Prolapse of the uterus or vagina is usually the result of loss of pelvic support, and causes mainly non-specific symptoms. It may affect over half of women aged 50 to 59 years, but spontaneous regression may occur. Risks of genital prolapse increase with advancing parity and age, increasing weight of the largest baby delivered, and hysterectomy.
Methods and outcomes
We conducted a systematic review and aimed to answer the following clinical questions: What are the effects of non-surgical treatments in women with genital prolapse? What are the effects of surgical treatments in women with anterior vaginal wall prolapse? What are the effects of surgical treatments in women with posterior vaginal wall prolapse? What are the effects of surgical treatments in women with upper vaginal wall prolapse? What are the effects of using different surgical materials in women with genital prolapse? We searched: Medline, Embase, The Cochrane Library, and other important databases up to June 2009 (Clinical Evidence reviews are updated periodically; please check our website for the most up-to-date version of this review). We included harms alerts from relevant organisations such as the US Food and Drug Administration (FDA) and the UK Medicines and Healthcare products Regulatory Agency (MHRA).
We found 14 systematic reviews, RCTs, or observational studies that met our inclusion criteria. We performed a GRADE evaluation of the quality of evidence for interventions.
In this systematic review, we present information relating to the effectiveness and safety of the following interventions: abdominal Burch colposuspension; abdominal sacral colpopexy; abdominal sacrohysteropexy; anterior colporrhaphy with mesh reinforcement; laparoscopic surgery; mesh or synthetic grafts; native (autologous) tissue; open abdominal surgery; pelvic floor muscle exercises; posterior colporrhaphy (with or without mesh reinforcement); posterior intravaginal slingplasty (infracoccygeal sacropexy); sacrospinous colpopexy (vaginal sacral colpopexy); sutures; traditional anterior colporrhaphy; transanal repair; ultralateral anterior colporrhaphy alone or with cadaveric fascia patch; vaginal hysterectomy; vaginal oestrogen; vaginal pessaries; and vaginal sacrospinous colpopexy.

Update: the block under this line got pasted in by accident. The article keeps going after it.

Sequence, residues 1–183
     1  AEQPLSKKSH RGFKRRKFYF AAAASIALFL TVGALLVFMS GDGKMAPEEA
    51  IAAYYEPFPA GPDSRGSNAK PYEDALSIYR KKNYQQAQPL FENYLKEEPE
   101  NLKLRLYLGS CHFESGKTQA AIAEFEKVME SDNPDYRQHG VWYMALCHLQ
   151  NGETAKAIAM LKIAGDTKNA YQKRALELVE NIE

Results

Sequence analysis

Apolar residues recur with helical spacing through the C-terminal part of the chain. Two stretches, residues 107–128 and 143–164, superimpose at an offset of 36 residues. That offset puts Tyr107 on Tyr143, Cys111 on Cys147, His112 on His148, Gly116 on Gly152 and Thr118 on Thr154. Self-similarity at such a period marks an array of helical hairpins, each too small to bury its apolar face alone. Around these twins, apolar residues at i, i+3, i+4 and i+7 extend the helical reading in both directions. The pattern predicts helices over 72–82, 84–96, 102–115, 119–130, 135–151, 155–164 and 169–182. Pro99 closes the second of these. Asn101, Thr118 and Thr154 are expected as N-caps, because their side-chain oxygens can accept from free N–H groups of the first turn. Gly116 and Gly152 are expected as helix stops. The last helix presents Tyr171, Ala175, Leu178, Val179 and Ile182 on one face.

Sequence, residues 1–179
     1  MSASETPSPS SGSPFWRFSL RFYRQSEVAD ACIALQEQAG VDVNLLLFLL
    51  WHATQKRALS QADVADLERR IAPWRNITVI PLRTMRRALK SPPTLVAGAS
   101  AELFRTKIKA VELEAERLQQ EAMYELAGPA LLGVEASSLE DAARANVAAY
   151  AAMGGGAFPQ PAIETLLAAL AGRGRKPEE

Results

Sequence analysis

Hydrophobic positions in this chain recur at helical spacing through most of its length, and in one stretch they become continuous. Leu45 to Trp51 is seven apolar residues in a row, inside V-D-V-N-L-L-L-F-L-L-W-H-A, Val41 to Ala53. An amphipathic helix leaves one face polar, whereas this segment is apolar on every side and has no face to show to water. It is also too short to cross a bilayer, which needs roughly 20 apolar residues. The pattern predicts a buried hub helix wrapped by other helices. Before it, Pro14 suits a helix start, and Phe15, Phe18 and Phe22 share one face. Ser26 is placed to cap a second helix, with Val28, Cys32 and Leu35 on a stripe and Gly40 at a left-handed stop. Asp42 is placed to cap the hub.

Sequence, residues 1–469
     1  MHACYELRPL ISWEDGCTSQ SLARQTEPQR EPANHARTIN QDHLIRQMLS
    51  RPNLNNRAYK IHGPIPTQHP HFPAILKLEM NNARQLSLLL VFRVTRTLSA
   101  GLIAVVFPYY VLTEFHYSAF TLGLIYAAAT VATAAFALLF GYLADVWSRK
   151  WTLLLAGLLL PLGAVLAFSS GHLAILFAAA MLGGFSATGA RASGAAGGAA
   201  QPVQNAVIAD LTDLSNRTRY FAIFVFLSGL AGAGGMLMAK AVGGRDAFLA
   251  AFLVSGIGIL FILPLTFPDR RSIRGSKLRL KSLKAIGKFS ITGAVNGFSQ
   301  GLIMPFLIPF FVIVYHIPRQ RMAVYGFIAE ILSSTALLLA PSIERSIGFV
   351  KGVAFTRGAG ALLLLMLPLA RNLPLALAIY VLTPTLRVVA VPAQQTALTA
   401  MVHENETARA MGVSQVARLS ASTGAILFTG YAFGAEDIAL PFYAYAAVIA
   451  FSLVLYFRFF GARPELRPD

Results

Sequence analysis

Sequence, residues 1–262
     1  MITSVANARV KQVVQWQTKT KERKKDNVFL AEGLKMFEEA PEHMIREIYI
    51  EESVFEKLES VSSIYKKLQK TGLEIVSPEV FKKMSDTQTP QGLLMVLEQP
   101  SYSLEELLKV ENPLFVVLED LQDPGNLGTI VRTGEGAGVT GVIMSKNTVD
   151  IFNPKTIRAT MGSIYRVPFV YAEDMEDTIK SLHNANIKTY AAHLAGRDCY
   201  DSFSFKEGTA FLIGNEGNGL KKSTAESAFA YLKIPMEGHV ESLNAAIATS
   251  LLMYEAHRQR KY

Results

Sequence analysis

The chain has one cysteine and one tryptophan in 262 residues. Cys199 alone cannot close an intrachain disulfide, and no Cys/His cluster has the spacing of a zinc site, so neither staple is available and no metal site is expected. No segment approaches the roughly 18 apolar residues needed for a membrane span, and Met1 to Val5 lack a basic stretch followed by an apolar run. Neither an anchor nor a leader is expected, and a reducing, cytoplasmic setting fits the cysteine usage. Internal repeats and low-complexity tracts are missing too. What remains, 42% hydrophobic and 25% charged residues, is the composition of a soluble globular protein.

Prolapse of the uterus or vagina is usually the result of loss of pelvic support, and causes mainly non-specific symptoms. It may affect over half of women aged 50 to 59 years, but spontaneous regression may occur.
Risks of genital prolapse increase with advancing parity and age, increasing weight of the largest baby delivered, and hysterectomy.
We don't know whether pelvic floor muscle exercises or vaginal oestrogen improve symptoms in women with genital prolapse, as we found no studies of adequate quality.
The consensus is that vaginal pessaries are effective for relief of symptoms in women waiting for surgery, or in whom surgery is contraindicated, but we don't know this for sure.
In women with anterior vaginal wall prolapse, anterior vaginal wall repair may be more effective than Burch colposuspension, and recurrence can be further reduced by adding mesh reinforcement to anterior colporrhaphy.
In women with posterior vaginal wall prolapse, posterior colporrhaphy is more likely to prevent recurrence than transanal repair of rectocoele or enterocoele.
We don't know whether adding mesh reinforcement improves success rates in women having posterior colporrhaphy.
In women with upper vaginal wall prolapse, abdominal sacral colpopexy reduces the risk of recurrent prolapse, dyspareunia, and stress incontinence compared with sacrospinous colpopexy.
Posterior intravaginal slingplasty may be as effective as vaginal sacrospinous colpopexy at preventing recurrent prolapse.
Vaginal hysterectomy and repair may reduce the need for re-operation and may be more effective at reducing symptoms, compared with abdominal sacrohysteropexy.
We don't know how surgical treatment compares with non-surgical treatment in women with prolapse of the upper,
anterior, or posterior vaginal wall.